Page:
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History of Air Conditioning Autor:Jim Knight

"It was luxuries like air conditioning that brought down the Roman Empire. With air conditioning their windows were shut, they couldnt hear the barbarians coming." –Garrison Keillor, American author, humorist and radio personality. Garrison Keillor might have been joking when he made this observation , but his statement certainly captures the essence of the tremendous comfort associated with air conditioning that we today take for granted. Or perhaps he wasnt joking at all. After all, air conditioning is modifying the humidity and temperature of indoor air for comfort, and hence, is not restricted to the electrical machines so ubiquitous nowadays. In fact, although the concept of heat transfer through machinery may be a relatively modern concept, the cooling of buildings using evaporation of water is not. The aforementioned Romans had a rudimentary air conditioning system where water from aqueducts was circulated through the walls of houses to cool them. In the eight century China, Emperor Xuanzong of the Tang Dynasty had a Cool Hall in the imperial palace, which was reportedly equipped with water-powered fan wheels for air conditioning and rising jet streams of water from fountains. Medieval Persia had cisterns which stored rainwater and specially-designed wind catching towers that would direct winds over the cisterns and into buildings, effectively cooling them. Ventilators to regulate the flow of air were invented in medieval Egypt and contributed immensely to comfort in the hot climes. In 1758, Benjamin Franklin demonstrated the cooling effect of evaporating liquids by using ether and alcohol to reach temperatures below the freezing point of water. The first step towards mechanized air conditioning was taken in 1842 by Florida physician Dr. John Gorrie. He studied tropical diseases, and in accordance with the then-prevalent Miasma

theory of disease , advocated the cleaning of air and cooling of hospitals. For this purpose , he initially used ice in a basin suspended from the ceiling; the heavier cool air flowed down towards the patients. However , this procedure required ice that was brought down from north at great expense , and Dr. Gorrie started thinking of making ice artificially, finally abandoning his medical practice in this endeavor. On May 6, 1851, Dr. Gorrie was granted Patent No. 8080 for an ice-making machine . His dream was to use his ice-making machine to regulate the temperature of buildings, and possibly, entire cities. Although his prototype worked, he lacked funds for commercial development and had to face criticism from his peers, and died a broken man in 1855, burying with him the idea of airconditioning for 50 years. His plans have been preserved at the Smithsonian and for many , he was the "father of air conditioning".But the man most popularly acknowledged as the "father of air conditioning" is Wills Haviland Carrier, who invented the first modern electrical air conditioning unit in 1902. A Cornell graduate , he started his career at at the Buffalo Forge Company, where he found himself experimenting with air conditioning in response to an engineering problem . Consequently , the first "air conditioner," was designed and built in Buffalo by Carrier on 17 July 1902. This was the first device to provide both humidity and temperature of air, giving rise to the modern definition of air conditioning. The company he founded to build and market his remarkable invention still exists as Carrier Corporation, a $12.5 billion giant with over 43,000 employees serving customers across 170 countries. For more information, please visit:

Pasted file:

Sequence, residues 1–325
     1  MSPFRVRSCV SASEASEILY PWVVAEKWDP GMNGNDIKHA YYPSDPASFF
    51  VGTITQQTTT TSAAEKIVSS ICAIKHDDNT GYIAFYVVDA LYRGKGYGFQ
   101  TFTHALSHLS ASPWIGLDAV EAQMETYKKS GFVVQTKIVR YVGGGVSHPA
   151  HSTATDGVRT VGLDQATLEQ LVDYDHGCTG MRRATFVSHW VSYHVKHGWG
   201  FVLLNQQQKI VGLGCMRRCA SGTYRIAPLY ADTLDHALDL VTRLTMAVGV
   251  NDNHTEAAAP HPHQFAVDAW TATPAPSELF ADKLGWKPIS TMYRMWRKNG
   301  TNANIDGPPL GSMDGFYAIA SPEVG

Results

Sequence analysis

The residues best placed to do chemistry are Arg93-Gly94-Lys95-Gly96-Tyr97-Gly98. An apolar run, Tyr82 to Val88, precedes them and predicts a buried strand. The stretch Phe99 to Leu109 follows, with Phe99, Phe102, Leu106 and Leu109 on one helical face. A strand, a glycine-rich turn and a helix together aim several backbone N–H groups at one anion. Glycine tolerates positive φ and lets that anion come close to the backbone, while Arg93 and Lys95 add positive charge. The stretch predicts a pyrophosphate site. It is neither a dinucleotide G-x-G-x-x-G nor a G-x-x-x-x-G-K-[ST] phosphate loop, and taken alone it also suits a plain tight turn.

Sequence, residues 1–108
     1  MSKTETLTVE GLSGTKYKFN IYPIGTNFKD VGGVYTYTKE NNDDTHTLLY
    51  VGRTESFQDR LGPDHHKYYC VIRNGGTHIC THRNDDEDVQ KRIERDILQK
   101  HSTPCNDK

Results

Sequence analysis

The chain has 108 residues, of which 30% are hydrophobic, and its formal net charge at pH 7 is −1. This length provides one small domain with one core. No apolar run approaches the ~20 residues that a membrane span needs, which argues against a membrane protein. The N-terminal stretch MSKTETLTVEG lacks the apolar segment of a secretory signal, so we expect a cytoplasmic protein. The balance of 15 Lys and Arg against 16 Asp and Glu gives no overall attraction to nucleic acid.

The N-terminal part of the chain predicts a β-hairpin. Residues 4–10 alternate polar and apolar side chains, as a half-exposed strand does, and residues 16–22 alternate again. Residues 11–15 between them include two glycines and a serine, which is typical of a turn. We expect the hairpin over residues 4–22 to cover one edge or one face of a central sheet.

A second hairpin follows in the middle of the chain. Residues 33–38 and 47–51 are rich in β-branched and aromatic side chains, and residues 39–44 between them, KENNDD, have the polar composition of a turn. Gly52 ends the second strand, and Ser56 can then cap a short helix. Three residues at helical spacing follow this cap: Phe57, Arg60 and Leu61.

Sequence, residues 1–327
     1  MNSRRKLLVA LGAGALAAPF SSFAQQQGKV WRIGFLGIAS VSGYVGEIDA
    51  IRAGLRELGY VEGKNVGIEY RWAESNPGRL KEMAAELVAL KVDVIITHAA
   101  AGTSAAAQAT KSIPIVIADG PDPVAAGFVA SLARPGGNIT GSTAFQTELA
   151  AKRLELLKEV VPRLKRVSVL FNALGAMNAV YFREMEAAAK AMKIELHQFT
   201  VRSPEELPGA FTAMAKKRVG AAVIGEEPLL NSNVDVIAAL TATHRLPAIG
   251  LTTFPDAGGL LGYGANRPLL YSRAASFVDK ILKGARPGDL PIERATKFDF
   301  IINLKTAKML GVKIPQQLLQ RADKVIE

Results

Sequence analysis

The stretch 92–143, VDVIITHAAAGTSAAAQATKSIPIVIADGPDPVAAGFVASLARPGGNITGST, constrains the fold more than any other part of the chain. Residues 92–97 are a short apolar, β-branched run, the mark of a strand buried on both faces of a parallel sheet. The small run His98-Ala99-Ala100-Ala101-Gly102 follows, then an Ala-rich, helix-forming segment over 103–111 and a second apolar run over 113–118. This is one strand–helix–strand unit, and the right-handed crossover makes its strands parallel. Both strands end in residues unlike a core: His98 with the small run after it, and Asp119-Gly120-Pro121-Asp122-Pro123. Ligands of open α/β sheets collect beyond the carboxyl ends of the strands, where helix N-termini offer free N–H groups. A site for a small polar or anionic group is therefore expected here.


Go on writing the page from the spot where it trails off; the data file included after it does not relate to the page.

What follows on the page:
History of Air Conditioning